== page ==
As a consequence, emphasis was laid on the basic sciences, the humanities, and research-oriented doctoral studies. Research and teaching should form a unity, not only in theory, but also in practice. Of course, Humboldt hoped that by only allowing pure and open research, not serving practical needs, the university would ultimately, via the publication of results and via the doctoral formation of students as young researchers (“Bildung durch Forschung”), generate wellbeing for the state, the society, and the economy.

In fact, the huge success of German research efforts in the 19th century, especially in the sciences such as physics or chemistry, in medicine, and in electrical engineering, led to the foundation of the industrial powerhouse of Germany which continues to flourish today. To emulate this success, Humboldt’s idea of a research university was replicated in many European countries and even attained by, for example, the United States and Japan. There, new research universities with Ph.D programs started first in Baltimore in 1876 (Johns Hopkins University), then in Chicago in 1890 (University of Chicago), and in other places, and led to the foundation of universities in Tokyo and Kyoto. Ivy League universities in the US and the universities of Cambridge and Oxford in England followed with Ph.D programs in the 20th century.

The strategy and structure of the Humboldtian research university were designed in a simple way. Research and teaching strategies were fixed by a faculty, assuming that the professors of a faculty knew best what to do. Professorial freedom of research and teaching were even constitutionally guaranteed. All professors and students were obliged to strive after scientific truth only, and everyone was expected and encouraged to come up with new scientific insights. The academic freedom was complemented by a light collegial governance structure in the faculties, which were ruled by professorial collegial bodies. Adequate funding of the university came from the state in order to make sure that the university was not forced to pursue practical needs and was free to conduct basic research. Governmental supervision concentrated on preserving this true nature of research universities. University presidency was reduced to a representative function. Strategic planning for the future was carried out by the faculties where the existence of scientific wisdom in abundance was automatically assumed.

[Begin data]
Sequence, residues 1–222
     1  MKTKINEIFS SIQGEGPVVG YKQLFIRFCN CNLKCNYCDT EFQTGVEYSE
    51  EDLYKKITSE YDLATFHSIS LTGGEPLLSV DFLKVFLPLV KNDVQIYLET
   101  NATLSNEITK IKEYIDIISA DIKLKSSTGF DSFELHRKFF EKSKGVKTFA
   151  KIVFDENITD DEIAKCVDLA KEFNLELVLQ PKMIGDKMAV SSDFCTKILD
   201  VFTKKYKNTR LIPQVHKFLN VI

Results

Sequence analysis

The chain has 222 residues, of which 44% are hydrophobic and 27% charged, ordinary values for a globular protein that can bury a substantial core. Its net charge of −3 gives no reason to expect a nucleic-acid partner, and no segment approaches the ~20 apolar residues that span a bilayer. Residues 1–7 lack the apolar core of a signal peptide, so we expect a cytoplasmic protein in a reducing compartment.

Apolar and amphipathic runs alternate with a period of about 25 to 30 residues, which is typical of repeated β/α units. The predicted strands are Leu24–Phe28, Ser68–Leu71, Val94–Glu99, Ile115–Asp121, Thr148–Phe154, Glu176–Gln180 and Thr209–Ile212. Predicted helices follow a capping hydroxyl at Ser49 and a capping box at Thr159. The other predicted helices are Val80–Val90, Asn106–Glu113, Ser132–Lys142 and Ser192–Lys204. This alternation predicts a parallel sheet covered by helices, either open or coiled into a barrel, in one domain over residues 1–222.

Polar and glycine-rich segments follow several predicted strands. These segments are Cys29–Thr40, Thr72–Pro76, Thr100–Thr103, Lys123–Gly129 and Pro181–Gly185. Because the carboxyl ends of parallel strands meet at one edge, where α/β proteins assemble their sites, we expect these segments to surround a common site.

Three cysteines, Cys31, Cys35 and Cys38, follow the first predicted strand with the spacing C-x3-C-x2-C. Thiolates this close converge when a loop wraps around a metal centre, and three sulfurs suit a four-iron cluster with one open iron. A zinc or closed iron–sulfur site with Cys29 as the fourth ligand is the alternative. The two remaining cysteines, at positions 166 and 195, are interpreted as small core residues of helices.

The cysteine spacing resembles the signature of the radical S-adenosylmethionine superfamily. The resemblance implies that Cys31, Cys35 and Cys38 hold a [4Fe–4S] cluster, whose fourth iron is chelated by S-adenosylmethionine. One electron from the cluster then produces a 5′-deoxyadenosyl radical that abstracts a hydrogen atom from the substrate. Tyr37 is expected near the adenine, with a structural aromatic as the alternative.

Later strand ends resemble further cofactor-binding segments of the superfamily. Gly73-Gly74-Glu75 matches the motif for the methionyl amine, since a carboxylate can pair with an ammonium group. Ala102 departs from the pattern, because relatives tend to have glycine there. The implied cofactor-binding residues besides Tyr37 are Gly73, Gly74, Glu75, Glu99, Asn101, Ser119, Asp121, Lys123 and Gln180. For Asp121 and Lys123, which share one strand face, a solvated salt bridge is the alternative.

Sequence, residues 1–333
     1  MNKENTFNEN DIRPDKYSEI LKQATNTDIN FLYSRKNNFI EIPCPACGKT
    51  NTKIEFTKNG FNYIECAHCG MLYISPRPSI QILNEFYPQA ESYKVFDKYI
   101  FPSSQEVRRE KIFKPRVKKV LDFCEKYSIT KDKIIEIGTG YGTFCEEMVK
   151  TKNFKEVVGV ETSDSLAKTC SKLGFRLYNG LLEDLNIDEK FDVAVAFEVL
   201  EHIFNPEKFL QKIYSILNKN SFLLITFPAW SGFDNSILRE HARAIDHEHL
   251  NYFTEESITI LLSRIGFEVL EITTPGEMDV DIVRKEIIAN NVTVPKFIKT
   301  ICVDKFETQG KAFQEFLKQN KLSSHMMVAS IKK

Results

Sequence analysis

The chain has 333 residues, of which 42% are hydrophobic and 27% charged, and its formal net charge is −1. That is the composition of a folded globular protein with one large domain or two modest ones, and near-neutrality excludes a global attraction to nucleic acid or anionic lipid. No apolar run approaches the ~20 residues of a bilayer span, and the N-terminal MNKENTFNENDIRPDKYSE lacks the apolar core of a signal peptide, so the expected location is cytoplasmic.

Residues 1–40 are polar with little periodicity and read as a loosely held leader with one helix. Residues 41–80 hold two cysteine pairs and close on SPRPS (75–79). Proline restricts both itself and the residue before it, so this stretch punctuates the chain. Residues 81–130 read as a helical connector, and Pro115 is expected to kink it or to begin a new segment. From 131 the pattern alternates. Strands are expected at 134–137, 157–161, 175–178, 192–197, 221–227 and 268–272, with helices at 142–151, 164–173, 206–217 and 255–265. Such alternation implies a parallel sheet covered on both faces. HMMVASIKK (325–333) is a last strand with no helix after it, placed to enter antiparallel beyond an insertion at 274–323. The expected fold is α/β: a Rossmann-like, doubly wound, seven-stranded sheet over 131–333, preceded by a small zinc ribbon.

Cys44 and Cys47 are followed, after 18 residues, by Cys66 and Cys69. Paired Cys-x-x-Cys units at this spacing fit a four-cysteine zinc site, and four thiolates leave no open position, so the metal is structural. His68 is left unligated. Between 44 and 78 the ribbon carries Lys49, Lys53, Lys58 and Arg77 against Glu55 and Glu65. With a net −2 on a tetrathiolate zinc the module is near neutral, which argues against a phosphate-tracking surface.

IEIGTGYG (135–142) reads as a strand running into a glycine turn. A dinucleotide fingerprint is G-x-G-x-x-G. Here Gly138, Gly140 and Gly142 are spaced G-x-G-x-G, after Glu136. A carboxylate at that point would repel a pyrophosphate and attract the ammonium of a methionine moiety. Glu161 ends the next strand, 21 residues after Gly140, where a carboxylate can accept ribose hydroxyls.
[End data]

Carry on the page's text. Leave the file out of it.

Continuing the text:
Today, this elitist concept of a “true” Humboldtian research university is no longer possible. The massification of higher education within many universities, the specialization of knowledge within faculties, the quest for quickly applying new knowledge to industry, and the increased amounts of investments needed to bring the infrastructure of a university up to date, all necessitate institutional, not faculty strategies. In addition, governments were not able or not willing to increase the funding of research universities relative to the massification of higher education. As a consequence, universities were forced to specialize in some fields, to better allocate their resources internally, and to search for new ways of financing their activities besides state funding. What then remains from the elitist Humboldtian model of a research university in the 21st century?

To answer that question it may be worthwhile to look at the recent strategy plan of the legal successor of the Berlin University, namely the Humboldt University of Berlin. Its plan was developed when this university participated in the German Excellence Initiative of 2012. Now Humboldt University can claim to have presented a strategic plan, which was honored by the federal government of Germany within its initiative to establish universities of excellence in the country.

The new Strategic Plan of the Humboldt University [4] named “Educating Enquiring Minds. Individuality-Openness-Guidance” accepts that some, not all, research areas will be strengthened. This extra funding of some excellent research clusters and newly established integrative research institutes implies that the university faculties no longer receive their traditional share of the budget. Consequently, the power of decision-making shifts increasingly to the university leadership.

Areas of excellence at Humboldt University refer to the life sciences, the research for global sustainability, the field of hybrid materials and functional systems and to the humanities. Although a disproportionate funding of faculties is now practiced, the targeted areas still constitute, all in all, a broad range of subjects of a traditional research university.